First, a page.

“Bhairavi, you are the chosen one. Only you can defeat the evil forces and restore peace, prosperity and dharma of the good” said Dawon as he pushed the weapons in her hands. Trusting his instincts, Bhairavi rode the tiger majestically. In her one hand was a rotating discus and in the other, she held a shining sword.

As they entered the royal palace, havoc and chaos broke loose among the Asuras. Who is this girl riding a tiger? How did she enter the guarded city of Asuras. All the demons, big and small, charged towards her smiling grotesquely.

Bhairavi’s stomach lurched. She only did what came to her naturally. She threw the discus in the air and swung the sword. The discus swirled around slicing the demons. As more and more Asuras rushed towards them, the spinning discus attacked them all. Dawon also aided her by clawing the Asuras. Blood spurted everywhere. It even splashed in her mouth, leaving her sputtering, but it didn’t distract her as she tasted nothing.

Bhairavi and Dawon continued to fight gallantly, all day and all night. She should have felt fear, but instead felt angry. She was angry about the severe atrocities of the Asuras. She was angry at how helpless animals and humans suffered. She was angry about the terrible plague of senses. Anger filled her body with courage and strength. She wanted to destroy all evil.

The next day came. The sun influenced by her bravery stood undauntedly in the sky. The Asuras roared with laughter as they started fires to trap her. Since Bhairavi’s sense of smell was absent today, she didn’t notice the flames till they were just a few meters away. She stared at the fire, her eyes challenging the dancing flames, piercing through them like a spray of water. Submitting themselves completely to her divine power, the flames bowed humbly and receded. The Asuras squealed and scampered out. They had been outmanoeuvred by a divine force.

The battle spilt onto the next day. Suddenly, a chilly wind blew down the corridors and a door swung open. A huge Asura walked in. He was at least 8 feet tall and dressed in a black silk dhoti. His face was of an ugly buffalo with a large snout, and the snotty nostrils had a gleaming brass ring. On his head, he wore a big gold helmet crown with 2 bulging horns on each side. His eyes shone in pure evil and he radiated power and dominance. He was Mahishasura, the king of Asuras.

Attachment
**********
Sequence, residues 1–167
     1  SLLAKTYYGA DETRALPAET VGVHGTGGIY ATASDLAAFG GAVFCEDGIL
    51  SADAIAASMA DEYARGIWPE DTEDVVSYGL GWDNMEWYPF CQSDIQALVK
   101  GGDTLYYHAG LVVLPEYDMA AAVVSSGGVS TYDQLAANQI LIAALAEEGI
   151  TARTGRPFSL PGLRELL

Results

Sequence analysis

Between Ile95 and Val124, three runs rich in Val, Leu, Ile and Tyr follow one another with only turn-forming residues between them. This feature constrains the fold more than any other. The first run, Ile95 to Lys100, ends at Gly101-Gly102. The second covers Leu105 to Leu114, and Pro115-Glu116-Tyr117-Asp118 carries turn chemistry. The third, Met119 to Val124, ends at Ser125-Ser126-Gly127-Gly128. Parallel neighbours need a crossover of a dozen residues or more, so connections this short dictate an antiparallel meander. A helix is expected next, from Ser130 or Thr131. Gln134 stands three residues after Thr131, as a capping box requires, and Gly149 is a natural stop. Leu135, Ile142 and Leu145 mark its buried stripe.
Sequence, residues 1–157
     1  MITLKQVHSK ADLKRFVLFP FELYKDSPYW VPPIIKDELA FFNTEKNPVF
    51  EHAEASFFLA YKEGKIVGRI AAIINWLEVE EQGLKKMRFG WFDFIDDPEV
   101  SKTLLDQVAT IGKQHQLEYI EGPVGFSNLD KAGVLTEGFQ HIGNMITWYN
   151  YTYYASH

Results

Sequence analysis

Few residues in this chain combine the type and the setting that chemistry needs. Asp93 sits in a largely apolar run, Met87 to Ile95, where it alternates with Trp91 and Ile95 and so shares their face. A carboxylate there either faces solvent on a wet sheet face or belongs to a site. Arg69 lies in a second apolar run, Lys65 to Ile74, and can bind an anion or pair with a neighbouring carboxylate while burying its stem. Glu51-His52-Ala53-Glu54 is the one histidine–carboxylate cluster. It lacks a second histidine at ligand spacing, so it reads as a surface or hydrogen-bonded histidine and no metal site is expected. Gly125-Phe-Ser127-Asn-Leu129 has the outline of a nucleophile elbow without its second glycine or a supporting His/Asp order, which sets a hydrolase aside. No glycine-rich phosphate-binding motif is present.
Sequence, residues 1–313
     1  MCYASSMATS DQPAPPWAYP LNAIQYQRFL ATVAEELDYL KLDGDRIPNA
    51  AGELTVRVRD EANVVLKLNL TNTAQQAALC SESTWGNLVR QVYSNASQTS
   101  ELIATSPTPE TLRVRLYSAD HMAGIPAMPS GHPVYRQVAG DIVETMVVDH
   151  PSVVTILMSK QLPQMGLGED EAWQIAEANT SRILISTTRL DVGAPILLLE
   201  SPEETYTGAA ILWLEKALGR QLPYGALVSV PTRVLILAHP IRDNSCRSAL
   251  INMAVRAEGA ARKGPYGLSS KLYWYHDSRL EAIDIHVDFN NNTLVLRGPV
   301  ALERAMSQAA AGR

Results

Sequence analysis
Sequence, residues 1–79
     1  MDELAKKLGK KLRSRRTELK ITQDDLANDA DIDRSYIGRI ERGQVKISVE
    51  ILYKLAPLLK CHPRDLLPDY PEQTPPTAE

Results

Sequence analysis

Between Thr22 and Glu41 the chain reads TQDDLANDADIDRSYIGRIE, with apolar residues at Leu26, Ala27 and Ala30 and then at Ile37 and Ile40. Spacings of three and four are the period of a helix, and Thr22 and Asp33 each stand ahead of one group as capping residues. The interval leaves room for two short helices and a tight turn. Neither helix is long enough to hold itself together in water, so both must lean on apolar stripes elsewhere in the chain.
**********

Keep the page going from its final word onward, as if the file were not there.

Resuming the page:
“I have been fighting for an eternity now. I have unlimited strength and a boon that no man can kill me,” he said arrogantly. The whole castle shook with his bellow.

Bhairavi gripped her sword tightly. It glinted like fire in the sunlight.  Her face radiated determination and calmness. Dawon roared, pawing the ground. Bhairavi looked at Mahishasura undaunted. She was no man, she was a woman, a powerful woman ready for battle.

As she let out her battle cry, it seemed the whole universe shook. They fought fiercely. Bhairavi didn’t feel any pain or fatigue. Was it because of her sense of feel was missing today, or was it because she was now an avatar of the great goddess Durga?

The legendary battle continued for nine days and nine nights. On the ninth day goddess, Durga used her sword to behead the buffalo-headed demon king Mahishasura. She had finally destroyed all evil. She was the omnipresent warrior goddess holding weapons in her ten hands as she sat on her tiger and protected the world.

“Bhairavi, Bhairavi.”

Somebody was calling her name. She woke up with a start. She was back in the balcony and her Nani was calling out to her.

“Bhairavi, your cousin’s want a story. Why don’t you tell them about the battle of goddess Durga with Mahishasura and why Vijayadashami is celebrated?  You know it better than anyone else,” Nani said as her eyes twinkled playfully.